Monday, April 10, 2017

Opioid problem creates spike in foster care

LISBON — The cost of Columbiana County’s foster care program increased by nearly 40 percent between 2015 and 2016, with the growing opioid problem largely to blame.

That was the message delivered when Columbiana County Department of Job and Family Services Director Eileen Dray-Bardon met this week with county commissioners to ask they adopt a proclamation declaring April Child Abuse Prevention Month.

As part of her presentation, Dray-Bardon provided commissioners with some statistics on the foster care program, which is run by the Children Services division of the JFS. According to the report, the number of children placed in foster care increased by 22 percent over the past year, from an average of 67 per month in 2015 to 82 last year.

Dray-Bardon pointed out that the number of children placed in foster care, after remaining relatively stable in recent years, began to steadily increase in 2016 and the trend has continued into this year. The number for February was 100, which is the first time in eight years foster care exceeded the century mark.

Dray-Bardon and Children Services administrator Rachel Ketterman attributed the increase to the growing number of neglect cases involving parents unwilling or unable to care for their children because of their opioid addiction. Of the 16 new foster care cases this year, nine are due to drug abuse.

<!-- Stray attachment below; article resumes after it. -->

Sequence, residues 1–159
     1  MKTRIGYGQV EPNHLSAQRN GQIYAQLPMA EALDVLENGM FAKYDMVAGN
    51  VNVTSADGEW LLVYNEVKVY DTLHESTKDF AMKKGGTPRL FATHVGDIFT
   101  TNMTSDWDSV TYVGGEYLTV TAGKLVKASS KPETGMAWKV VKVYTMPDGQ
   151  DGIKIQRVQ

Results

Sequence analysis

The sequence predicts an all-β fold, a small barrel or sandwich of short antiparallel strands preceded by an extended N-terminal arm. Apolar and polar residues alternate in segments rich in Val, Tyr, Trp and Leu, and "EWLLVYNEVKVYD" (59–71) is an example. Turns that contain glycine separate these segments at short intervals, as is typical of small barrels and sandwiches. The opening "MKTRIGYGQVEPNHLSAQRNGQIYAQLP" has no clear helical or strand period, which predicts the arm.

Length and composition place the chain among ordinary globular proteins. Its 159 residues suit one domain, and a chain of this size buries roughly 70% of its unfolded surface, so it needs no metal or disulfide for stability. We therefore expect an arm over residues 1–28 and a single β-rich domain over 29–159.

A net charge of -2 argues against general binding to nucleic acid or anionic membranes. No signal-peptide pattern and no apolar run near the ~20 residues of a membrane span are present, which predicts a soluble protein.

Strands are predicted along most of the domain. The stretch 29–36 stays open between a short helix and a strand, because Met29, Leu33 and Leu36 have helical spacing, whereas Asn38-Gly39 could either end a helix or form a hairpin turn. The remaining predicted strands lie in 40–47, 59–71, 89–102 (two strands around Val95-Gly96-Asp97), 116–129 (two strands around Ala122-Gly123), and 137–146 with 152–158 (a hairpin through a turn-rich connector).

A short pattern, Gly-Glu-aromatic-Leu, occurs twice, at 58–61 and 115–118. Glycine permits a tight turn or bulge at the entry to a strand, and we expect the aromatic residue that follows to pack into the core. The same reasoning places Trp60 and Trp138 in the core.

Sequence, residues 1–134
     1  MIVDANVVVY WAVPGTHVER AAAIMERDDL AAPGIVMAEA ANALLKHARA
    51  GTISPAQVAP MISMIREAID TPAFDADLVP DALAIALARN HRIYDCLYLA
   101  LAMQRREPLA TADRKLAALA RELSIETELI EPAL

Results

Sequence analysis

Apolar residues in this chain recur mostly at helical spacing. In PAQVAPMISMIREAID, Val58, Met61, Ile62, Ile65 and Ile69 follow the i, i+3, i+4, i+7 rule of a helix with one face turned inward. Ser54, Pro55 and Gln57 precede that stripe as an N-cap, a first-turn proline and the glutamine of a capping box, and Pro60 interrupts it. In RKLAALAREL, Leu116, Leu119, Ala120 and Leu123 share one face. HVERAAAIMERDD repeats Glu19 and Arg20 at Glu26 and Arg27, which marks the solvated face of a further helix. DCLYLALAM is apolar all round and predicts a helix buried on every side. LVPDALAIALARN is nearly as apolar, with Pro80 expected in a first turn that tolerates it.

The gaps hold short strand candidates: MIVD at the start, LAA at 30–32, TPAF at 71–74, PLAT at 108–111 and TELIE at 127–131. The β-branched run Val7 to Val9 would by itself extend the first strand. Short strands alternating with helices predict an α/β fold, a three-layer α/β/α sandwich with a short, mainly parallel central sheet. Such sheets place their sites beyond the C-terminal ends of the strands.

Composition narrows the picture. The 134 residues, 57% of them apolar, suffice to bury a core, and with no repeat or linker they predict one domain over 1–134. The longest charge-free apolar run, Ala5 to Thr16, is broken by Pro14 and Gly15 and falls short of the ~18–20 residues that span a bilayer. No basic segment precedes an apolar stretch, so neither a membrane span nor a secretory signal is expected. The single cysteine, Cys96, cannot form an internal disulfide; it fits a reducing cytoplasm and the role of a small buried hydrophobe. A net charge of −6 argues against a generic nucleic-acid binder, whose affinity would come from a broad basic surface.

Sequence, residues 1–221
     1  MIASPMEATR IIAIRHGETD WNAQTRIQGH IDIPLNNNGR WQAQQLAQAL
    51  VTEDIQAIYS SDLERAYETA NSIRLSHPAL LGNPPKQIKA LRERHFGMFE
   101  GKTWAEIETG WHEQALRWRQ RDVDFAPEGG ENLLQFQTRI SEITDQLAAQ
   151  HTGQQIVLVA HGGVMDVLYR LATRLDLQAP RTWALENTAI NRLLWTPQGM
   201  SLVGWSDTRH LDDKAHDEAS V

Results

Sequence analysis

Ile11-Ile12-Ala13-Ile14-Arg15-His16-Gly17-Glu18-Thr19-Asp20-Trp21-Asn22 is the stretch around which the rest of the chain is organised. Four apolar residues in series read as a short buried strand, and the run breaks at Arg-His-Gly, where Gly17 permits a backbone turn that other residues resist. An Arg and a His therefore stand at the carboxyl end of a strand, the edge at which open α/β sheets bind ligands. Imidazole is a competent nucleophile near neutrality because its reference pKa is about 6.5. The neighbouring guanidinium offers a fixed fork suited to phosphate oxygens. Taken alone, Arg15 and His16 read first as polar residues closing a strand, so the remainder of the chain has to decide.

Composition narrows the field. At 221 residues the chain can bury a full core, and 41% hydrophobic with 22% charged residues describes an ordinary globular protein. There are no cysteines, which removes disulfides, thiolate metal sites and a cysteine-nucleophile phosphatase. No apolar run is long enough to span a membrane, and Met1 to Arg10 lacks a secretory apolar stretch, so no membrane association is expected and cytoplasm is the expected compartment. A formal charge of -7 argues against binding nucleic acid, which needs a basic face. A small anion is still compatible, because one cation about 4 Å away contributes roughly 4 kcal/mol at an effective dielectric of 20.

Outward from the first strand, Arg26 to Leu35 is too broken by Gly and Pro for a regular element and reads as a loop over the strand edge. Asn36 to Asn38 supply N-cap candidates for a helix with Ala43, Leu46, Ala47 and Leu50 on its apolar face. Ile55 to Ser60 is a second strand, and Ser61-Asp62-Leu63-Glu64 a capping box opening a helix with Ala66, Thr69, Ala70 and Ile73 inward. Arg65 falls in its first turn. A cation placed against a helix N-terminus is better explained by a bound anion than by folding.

“It’s hit us right here in good old Columbiana County,” Dray-Bardon said.

In many instances, children in foster care are placed with relatives, but all receive compensation for assuming responsibility, and not surprisingly, those costs have increased in recent years. According to the JFS, foster care spending skyrocketed by 39.6 percent, from $1.89 million in 2015 to $2.65 million last year.

A Supervised Child Visitation Services Seattle levy passed by voters years ago generates $900,000 annually, all of which goes to pay for foster care. The JFS received a little over $1 million in direct federal reimbursement for foster care, with the remaining $1.55 million coming from the JFS’ annual allocation of federal and state public assistance dollars.

While not a problem for now, it could be if the trend continues. “When foster care numbers were low … we had a bit of a (financial) cushion, but now that is starting to go away,” Dray-Bardon said, adding their association has been lobbying the state legislature for additional funding to address the problem.

This is just the latest example of how the opioid problem is taking more public assistance dollars. Last June, the JFS expanded its gasoline voucher program due in part to the increasing number of grandparents who have legal custody of their grandchildren because the parents are non-functioning drug addicts. This is for those grandparents who travel to Akron Children’s Hospital because their infant grandchildren are being treated after having been born addicted to drugs because the mother continued to use opioids while pregnant.

Two months ago, the JFS contracted with the Community Action Agency to help provide supervised child visitation services because Children Services does not have enough staff to adequately do the job because of the increase in foster care cases, as more children are removed by the courts from their drug-addled parents.

“This is costing government everywhere,” noted Commissioner Jim Hoppel.

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